More voters participated in Colorado’s June 26 primary election than ever before. Unaffiliated voters were mailed ballots for the first time and both political parties had contested races. As for the top of the ticket, the governor’s race has been narrowed down to two very different candidates.
Republicans are hoping state treasurer Walker Stapleton will put the governor’s office back in GOP control for the first time in a dozen years. Democrats think congressman Jared Polis is the right choice to replace Gov. John Hickenlooper, who is term-limited.
“Both candidates have a challenge to talk about issues that they did not talk about in the primary election,” said Dick Wadhams, the former Republican party state chairman.
He said Polis and Stapleton went to their respective ideological corners to win the primaries, but that won’t work in the general election.
“Jared Polis clearly is the most liberal Democratic nominee for governor we’ve ever seen,” said Wadhmans. “Walker Stapleton embraced Donald Trump to win the Republican nomination.”
Stapleton ran as a supporter of President Trump’s tax cuts and immigration policies, such as increasing border security.
“The president has offered the ability for a million people plus to have legal status in this country, many of them Dreamers, many of them children, in exchange for enhanced border security and we can have both. We do not have to choose one or the other,” said Stapleton.
It’s a message that resonated with Mesa County commissioner Rose Pugliese. She attended Stapleton’s watch party in the Denver Tech Center. She’s gotten to know him over the years because she said he’s reached out to rural Coloradans in his role as state treasurer. Pugliese said he understand rural issues and also thinks Trump’s popularity in rural parts of Colorado will help Stapleton.
“President Trump’s policies have been really good for my county,” she said. “A lot of people can see, if you really were to talk about his policies it’s hard to point to one that really hasn’t been good for our country or for rural America.”
Meanwhile, Polis pitched himself to voters as someone who can work with the president – if it’s good for Colorado.
“And if President Trump is serious about investing in infrastructure, if he's serious about creating jobs, he'll have a partner in me. But you know that I won't be beholden to him and when he divides us rather than unites us. I will stand up with our inclusive Colorado voice,” said Polis.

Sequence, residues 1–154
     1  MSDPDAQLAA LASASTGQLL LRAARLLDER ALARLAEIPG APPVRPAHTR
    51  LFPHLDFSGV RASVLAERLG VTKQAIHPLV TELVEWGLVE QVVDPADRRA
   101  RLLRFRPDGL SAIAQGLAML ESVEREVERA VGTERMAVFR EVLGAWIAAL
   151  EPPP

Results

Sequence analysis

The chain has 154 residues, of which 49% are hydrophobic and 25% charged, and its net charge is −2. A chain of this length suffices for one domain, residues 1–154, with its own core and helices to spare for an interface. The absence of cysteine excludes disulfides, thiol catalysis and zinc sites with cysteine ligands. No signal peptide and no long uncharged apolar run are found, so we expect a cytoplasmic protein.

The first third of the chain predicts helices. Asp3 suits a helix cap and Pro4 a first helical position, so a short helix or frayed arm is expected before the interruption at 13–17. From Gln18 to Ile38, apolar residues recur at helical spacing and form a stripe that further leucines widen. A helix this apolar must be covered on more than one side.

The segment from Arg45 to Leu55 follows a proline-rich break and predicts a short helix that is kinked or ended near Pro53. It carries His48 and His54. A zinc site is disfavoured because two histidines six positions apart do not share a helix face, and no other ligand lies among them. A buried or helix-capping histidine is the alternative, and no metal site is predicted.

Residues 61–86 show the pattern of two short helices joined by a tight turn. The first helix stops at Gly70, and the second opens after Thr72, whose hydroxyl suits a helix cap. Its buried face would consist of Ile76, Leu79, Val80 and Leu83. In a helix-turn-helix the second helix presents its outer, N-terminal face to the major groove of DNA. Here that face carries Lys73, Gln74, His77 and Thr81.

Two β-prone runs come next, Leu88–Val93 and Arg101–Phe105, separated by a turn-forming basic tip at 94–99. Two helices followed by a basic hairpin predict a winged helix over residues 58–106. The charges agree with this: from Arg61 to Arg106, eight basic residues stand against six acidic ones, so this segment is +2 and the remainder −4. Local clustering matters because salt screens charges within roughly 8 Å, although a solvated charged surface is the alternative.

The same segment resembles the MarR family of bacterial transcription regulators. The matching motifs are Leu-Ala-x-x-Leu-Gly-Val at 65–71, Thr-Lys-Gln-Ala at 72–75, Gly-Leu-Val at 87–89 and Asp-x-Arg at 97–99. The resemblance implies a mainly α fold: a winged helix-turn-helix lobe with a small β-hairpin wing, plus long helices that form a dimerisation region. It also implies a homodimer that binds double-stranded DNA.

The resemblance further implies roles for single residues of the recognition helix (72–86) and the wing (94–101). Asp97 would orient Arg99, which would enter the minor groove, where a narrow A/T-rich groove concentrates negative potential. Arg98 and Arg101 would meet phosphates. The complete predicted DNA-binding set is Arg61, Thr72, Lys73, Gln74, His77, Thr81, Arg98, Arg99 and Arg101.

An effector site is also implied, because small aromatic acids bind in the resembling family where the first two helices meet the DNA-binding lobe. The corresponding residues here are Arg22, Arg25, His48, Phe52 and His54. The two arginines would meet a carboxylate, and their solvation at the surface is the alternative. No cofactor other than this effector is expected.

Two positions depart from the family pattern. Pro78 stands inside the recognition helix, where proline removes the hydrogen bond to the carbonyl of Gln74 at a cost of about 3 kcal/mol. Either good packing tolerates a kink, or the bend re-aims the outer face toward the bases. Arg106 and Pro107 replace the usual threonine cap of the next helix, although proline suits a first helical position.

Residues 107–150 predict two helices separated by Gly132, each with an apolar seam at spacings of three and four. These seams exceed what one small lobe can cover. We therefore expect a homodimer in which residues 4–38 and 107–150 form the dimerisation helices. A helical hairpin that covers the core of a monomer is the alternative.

A pathway to citizenship for young immigrants who grew up in the U.S. but weren’t born here is a top priority for Norberto Mojardin. He’s a small business owner from Denver. He thinks Polis would support the Latino community.
“For me, that’s our future of Colorado," he said. "By him winning in the elections, he can make a big difference for our Dreamers more than anything.”
If elected, Polis could also become Colorado’s first openly gay governor.
Most people expect the race to be divisive. After the votes were in Tuesday, the two candidates wasted no time in starting to distinguish themselves.
“Jared Polis has spent an unprecedented amount of money to buy this election,” said Stapleton. “He has spent more money to win a contested race on the Democratic side than Republicans, Democrats and all outside groups spent combined in the last election. So, it is David versus Goliath. I am ready to be David.”
“On almost every question before us this election, from whether or not health care is a human right to whether immigrant children deserve human decency and human rights, to even the basic question about whether or not honesty is important in the public sphere ... Walker Stapleton comes out on the wrong side,” said Polis.
This race and other ballot issues are likely to pull more voters to the polls in November during the critical midterm elections – including unaffiliated voters. Colorado Secretary of State Wayne Williams said the primary could be an indication of that. More than 1 million people participated, the highest turnout so far.
“Both parties had interesting races, both parties had important races to decide," said Williams. "That drove turnout.”
Democrats voted in higher numbers than Republicans and Williams said 60,000 more unaffiliated voters chose to vote in the Democratic primary rather than the Republican.
But just how that translates to the general election is unclear. It could be a sign of enthusiasm for Democrats – or it could be because of other factors. Polis spent more than $10 million of his own money to try to get out the vote.
KUNC's Matt Bloom contributed to this report.
Capitol Coverage is a collaborative public policy reporting project, providing news and analysis to communities across Colorado for more than a decade. Fifteen public radio stations participate in Capitol Coverage from throughout Colorado.